The meaning of the term staycation is hotly debated, with one camp arguing it’s strictly a holiday from home and the other that it can refer to any UK-based break.
Putting pedantry aside though, staycationing is all about discovery, be it an unspoilt beach that’s right on your doorstep or a nearby nightlife scene you’d never experienced before.
According to Booking.com, Manchester is set to be the most popular British destination in 2023 – and with Glasgow, Birmingham and Newcastle next on the list, city breaks are firmly on the agenda.
Research by the provider also revealed how the cost of living crisis is impacting our travel plans. Of the 1,006 UK residents surveyed, 62% said they’ll be sticking to a budget on their next trip.
Over half will be taking advantage of deals, hacks, loyalty schemes and smartly-timed travel, opting to cut costs with careful planning, rather than missing out on what matters to them.
That means fancy hotels alongside free activities, luxury accommodation on a self-catering basis, a shorter break where you pack in the fun, or saving up reward points for a splurge further down the line.
It’s a philosophy those of us with wanderlust bigger than our bank balance can get behind, but I was wary it wouldn’t be achievable here in Britain. Train prices can be prohibitive, and that’s before you factor in the price of food, drinks and excursions while you’re away.
Thankfully, however, if you plan things right you can explore the country without going into your overdraft. So if you want to give this year’s top staycation spot a go, these are our top tips for a budget-conscious but action-packed night and day in Manchester.
Free parking in Manchester is pretty much nonexistent, so skip the car when you’re heading to the city.
Trains from London start at £26.70, but you can save more if you have a railcard. Go for off-peak times where possible, not only for a reduced fare but to (hopefully) nab a seat for the two-and-a-half hour journey.
Like 53% of UK travellers I booked my ticket in advance and advise doing the same. Set an alert with Trainline to be contacted when fares are available and don’t forget to check SplitSave on the app too.
Where to stay
There’s no shortage of accommodation in Manchester, so you can choose a location and vibe that suits you.
I stayed at The Alan, an unremarkable name for a hotel that defies expectations. It’s a favourite of critic Jay Rayner, who staff told me was set to visit the following week – always a good sign.
The decor is stunning, featuring exposed brickwork and industrial elements alongside plush velvet and reclaimed marble.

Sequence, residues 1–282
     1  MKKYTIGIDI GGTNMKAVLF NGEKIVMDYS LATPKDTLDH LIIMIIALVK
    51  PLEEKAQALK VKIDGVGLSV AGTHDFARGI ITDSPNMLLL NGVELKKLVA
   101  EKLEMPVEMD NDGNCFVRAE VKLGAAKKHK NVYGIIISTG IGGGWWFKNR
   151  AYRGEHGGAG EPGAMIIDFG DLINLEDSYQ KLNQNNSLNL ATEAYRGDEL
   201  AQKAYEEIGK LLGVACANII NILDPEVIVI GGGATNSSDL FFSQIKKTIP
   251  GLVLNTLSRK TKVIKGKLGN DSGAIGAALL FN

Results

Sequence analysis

Special touches are everywhere too: 200 thread count Egyptian cotton sheets, Google Nest and Chromecast devices, and shoppable interiors made by local artisans.
The rainfall shower was a particular highlight, while the seasonal breakfast was faultless.
I can, however, imagine The Alan’s liquorice-scented Haeckels soap being a problem if you’re hungover. Yes, it’s organic and good for your skin, but it also smells exactly like the 3am sambuca shot you want to forget.
Rooms start from £80 a night, and you won’t have to fork out for a cab as it’s just a short walk from Piccadilly station.
What to do
Although I’d never been to Manchester before (ridiculous, I know) and love Joy Division and The Smiths, I wasn’t bothered about hitting up Salford Lads Club for that obligatory Insta pic.
Instead, I spent a day exploring the Science and Industry Museum. It’s free to get in (although donations are welcome and exhibitions cost extra) and there’s loads to do. Learn about the city’s history of textile production and pioneering industry, listen to early BBC radio broadcasts, or play about in the interactive Experiment area before a cake and a cuppa in the café downstairs.
If you love to shop, you’re spoiled for choice in Manchester. While the Arndale is colossal, head to the Northern Quarter for vintage pieces and bargains galore. Oxfam Originals and Pop Boutique on Oldham street are worth a visit, as is Blue Rinse, where you can buy preloved clothing by the kilo.
The John Rylands Library is also free to visit and well worth your time. Marvel at the Neo-gothic architecture or the collections of books, manuscripts, maps and artworks or simply take a moment to take in the atmosphere in the Historic Reading Room.
For those staying at The Alan, the Manchester Art Gallery is quite literally across the road. There you can see works from the likes of Gauguin, Turner, Renoir and Gainsborough.
What to eat and drink
No good holiday (however fleeting) is complete without sampling the local hospitality, something Manchester has in spades.
The Old Monkey is a nice central spot for people-watching and planning your mini-break over a pint, but head to Shambles Square for pubs that take you back in time. The Old Wellington, built in 1552, is renowned for its pies and has a roomy patio that’ll be ideal over the summer months. Just watch your head on those Tudor beams.
As I was visiting on a Sunday I thought it rude not to have a traditional roast, but choosing was a struggle among so many options. In the end I opted for Trof, a bar and restaurant that calls its offering ‘the best Sunday dinner in the world.’ I’m not sure I’m qualified to make that sort of judgement, but the lamb and pork definitely hit the spot, as did the cauliflower cheese.
Later on, my partner and I wandered over the canal to Bunny Jackson’s. The NFL game was on (attracting rival fans and providing some healthy raillery), the margaritas were aplenty, the pool table was free to use and the wings cost just 25p a pop. How’s that for a cheap and cheerful night out?
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